Tuesday, July 28, 2020

Microsoft Power Automate -- Timeout Limitation of 120 Sec in SQL Actions -- Solution

Problem: If you have used Microsoft Power Automate for any of your process automation task and if it includes any SQL operations you might have came across a limitation within any sql action for timeout of 120 seconds. So that means any sql operation that is part of your process automation has to complete within 120 seconds. Ah isn't this strange? there might be some sql operation which would take more than 120 seconds like creating a backup of existing tables on request or any big DML task which would run for hours together. So in existing sql task available in Power Automate this can't be achieved. Below is Microsoft link for current limitation https://docs.microsoft.com/en-us/power-automate/limits-and-config

Solution: Well we have got many other actions triggers available in power automate to trigger or automate a process, I am going to use DevOps action to create a release and in Azure DevOps will keep the SQL scripts which needs longer execution time. This will simulate something like a asynchronous execution of long running sql in DevOps Azure SQL execution while the task that invokes it will complete soon the release is started. In next flow we can do a while loop logic to wait for the actual process to complete and then flag the process to be complete.

Lets deep dive into the solution

I was working to automate custom archive/backup request a user will request to have a snapshot of data that he needs for his analysis and the procedure which performs this actions where executing well over 20 mins to create the snapshot and at the same time user can request to delete the snapshot once his analysis is completed, even this process was taking 20 odd mins to complete. So both of this use case I was not able to use execute store procedure action from power automate as for a synchronous sql execution the timeout was limited to 120 seconds 

Over power automate community and other tech channels some suggestions where there to optimize the proc or break the proc in small chunks so that it can complete in 120 sec, but what if the data becomes huge over the period and same issues re occurs with small chunks of data as well? 

Other solution was to implement Fire and Forget solution using database triggers and a control table. Te idea was to insert a record in a control table which would have trigger set for insert DML and it would fire the proc on inserting a new record in the control table. Inserting a record in control table would not take 120 sec right :).  Sounds simple right even I thought so, but when I did the implementation and executed the flow it was taking same time that the proc would run when you insert a record in a control table which had trigger to execute the proc. This doesn't create a asynchronous call rather it will create a single transaction for the insert of record followed by trigger which runs the proc. Bummer ended where I was stuck before.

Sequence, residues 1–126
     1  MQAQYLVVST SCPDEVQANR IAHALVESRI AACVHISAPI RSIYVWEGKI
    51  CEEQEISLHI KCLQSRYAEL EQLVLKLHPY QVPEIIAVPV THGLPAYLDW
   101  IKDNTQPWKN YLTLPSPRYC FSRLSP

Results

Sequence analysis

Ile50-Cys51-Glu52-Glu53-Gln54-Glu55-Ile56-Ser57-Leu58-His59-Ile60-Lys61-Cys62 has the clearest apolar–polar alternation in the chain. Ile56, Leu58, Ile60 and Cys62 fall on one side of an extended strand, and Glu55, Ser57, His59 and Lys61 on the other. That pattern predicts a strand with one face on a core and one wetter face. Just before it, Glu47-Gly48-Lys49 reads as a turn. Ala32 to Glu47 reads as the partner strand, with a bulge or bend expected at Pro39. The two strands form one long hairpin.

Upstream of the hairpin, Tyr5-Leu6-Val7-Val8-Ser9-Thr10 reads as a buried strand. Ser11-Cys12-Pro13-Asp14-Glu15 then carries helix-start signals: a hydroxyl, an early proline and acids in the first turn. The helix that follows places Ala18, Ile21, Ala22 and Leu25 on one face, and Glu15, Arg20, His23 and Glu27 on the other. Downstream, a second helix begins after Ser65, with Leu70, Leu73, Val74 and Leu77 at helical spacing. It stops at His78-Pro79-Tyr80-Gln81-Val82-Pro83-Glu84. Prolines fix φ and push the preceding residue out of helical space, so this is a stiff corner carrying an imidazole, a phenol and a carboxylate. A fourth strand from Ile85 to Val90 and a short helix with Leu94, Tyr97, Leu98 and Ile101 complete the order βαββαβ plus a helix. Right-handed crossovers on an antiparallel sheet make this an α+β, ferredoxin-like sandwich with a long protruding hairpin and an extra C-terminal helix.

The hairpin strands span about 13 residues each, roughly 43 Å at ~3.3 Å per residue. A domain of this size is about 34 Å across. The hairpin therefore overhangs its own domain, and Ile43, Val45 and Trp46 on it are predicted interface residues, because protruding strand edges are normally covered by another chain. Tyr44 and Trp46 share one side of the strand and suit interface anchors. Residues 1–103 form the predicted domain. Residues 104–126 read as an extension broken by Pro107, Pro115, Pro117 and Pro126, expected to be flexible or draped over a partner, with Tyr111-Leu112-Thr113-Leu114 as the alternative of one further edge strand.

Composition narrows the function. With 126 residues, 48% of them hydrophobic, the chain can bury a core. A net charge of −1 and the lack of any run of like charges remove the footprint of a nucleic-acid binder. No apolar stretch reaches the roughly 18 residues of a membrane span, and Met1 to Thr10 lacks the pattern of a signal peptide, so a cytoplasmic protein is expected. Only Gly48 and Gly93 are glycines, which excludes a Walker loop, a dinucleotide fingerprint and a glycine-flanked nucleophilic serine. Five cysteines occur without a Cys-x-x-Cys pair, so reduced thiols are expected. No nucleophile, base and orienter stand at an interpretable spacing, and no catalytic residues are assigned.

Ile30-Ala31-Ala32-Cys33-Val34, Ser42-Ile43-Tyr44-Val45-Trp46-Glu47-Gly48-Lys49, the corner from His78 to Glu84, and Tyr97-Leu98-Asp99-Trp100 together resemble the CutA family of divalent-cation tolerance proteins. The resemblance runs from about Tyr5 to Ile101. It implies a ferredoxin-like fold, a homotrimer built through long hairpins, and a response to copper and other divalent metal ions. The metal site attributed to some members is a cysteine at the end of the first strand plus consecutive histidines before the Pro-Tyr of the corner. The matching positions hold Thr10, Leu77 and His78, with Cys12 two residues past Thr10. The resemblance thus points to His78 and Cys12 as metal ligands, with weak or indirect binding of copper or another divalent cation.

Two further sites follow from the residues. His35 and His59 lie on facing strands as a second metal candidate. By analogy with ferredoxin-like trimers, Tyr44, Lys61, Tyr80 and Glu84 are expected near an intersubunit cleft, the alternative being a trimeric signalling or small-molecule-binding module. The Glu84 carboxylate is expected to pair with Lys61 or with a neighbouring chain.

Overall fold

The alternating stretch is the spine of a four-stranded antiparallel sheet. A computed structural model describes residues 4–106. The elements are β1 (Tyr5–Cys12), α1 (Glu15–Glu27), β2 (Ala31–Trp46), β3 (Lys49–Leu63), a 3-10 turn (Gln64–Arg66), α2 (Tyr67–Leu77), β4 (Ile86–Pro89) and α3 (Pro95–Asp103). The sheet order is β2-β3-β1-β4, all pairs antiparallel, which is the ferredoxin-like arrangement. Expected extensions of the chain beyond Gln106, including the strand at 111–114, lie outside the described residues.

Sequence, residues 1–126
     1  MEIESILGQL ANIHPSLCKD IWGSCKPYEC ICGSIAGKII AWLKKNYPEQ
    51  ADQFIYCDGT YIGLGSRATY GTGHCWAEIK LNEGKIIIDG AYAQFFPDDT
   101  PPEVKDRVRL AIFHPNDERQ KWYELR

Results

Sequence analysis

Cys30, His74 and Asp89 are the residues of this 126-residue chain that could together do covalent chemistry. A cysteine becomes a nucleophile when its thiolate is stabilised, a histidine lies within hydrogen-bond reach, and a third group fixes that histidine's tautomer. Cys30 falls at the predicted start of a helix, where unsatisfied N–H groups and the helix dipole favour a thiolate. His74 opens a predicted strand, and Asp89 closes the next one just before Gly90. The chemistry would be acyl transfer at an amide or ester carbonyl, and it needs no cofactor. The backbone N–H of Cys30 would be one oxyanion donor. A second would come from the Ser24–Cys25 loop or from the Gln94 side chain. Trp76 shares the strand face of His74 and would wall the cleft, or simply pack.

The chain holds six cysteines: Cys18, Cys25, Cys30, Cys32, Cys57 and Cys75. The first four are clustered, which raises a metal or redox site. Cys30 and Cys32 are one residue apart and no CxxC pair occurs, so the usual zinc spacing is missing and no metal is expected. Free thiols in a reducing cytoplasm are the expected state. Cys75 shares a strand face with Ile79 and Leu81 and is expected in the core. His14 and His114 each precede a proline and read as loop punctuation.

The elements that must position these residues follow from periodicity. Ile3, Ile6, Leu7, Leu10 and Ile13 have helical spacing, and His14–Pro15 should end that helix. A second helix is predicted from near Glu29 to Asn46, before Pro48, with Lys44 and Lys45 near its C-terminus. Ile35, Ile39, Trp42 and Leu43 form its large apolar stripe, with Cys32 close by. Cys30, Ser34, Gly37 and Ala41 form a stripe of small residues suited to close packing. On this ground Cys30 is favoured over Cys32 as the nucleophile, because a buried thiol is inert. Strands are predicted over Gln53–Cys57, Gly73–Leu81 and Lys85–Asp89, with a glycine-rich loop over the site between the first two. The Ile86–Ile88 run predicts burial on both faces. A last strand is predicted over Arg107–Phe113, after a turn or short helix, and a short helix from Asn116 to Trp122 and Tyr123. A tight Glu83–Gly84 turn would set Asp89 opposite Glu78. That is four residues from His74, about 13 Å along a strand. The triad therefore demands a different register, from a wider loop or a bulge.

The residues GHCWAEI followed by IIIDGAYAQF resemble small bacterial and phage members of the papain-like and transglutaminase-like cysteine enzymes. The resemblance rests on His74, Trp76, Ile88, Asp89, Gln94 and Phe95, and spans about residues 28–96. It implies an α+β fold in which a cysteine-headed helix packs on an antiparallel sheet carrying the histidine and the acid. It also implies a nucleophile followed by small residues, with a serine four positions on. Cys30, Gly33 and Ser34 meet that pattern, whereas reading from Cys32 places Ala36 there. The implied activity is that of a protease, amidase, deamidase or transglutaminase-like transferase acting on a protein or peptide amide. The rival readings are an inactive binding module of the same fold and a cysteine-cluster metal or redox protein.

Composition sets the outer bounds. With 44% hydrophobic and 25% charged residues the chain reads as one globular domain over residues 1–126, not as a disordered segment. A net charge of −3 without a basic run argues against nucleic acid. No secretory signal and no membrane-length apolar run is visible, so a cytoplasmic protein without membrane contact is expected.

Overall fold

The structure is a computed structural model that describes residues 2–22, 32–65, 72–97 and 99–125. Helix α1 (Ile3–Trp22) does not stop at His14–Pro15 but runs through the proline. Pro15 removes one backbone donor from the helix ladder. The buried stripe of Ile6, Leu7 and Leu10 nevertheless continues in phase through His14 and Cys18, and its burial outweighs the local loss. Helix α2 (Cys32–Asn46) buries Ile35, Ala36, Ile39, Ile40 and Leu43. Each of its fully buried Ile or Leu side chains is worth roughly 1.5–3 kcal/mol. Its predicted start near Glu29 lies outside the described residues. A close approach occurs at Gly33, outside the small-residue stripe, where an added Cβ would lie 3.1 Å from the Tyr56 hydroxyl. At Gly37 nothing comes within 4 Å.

The actual solution I found was based on idea which I read in 2nd solution(Fire and Forget).
I was exploring the available actions and triggers in power automate that would let me perform asynchronous execution on a Azure SQL Database(Note On premises sql server you can use sql job agent or message queue to create a asynchronous execution but in Azure SQL Database is a PAAS all such server side related operations are not available, for now Elastic Job(https://docs.microsoft.com/en-us/azure/azure-sql/database/elastic-jobs-overview) is in preview but I didn't explore that for this use case).

Then I found Azure Devops action which had several options to create a release, new build assign task .. etc. We already had a CICD pipelines in place and a release pipelines to perform database deployment. So I decided to leverage this and created a new release pipeline which would have the execution call for the stored procedure that i need to run and parameterize it to suit different use cases. So the final solution looked like this 



We have Microsoft form which would take user inputs and then send it for a approval. Once the application owner approves his request same inputs are passed as arguments for creating a new release which would trigger the DevOps release pipelines accepts the user inputs and run the the store procs in devops Azure SQL execution task. Once a new release is triggered by Create Release action it would complete and exit but we need the procedure execution also to complete to mark the complete process as successful, So added a Do Until control action that would keep checking the procedure to complete by some sql task checks and only when the procedure execution is complete it would send the user notification that snapshot is ready for usage. This way we are creating a asynchronous execution procedure still flagging the process to complete only when the actual proc is finished.

Do Until part


Azure DevOps Snippet





Use inline scripts in deployment types


This is a workaround solution until 120 seconds timeout limitation at Azure Power Automate SQL action is upgraded or any other alternative service is provided by Azure 



Microsoft Power Automate -- Timeout Limitation of 120 Sec in SQL Actions -- Solution

Problem : If you have used Microsoft Power Automate for any of your process automation task and if it includes any SQL operations you might...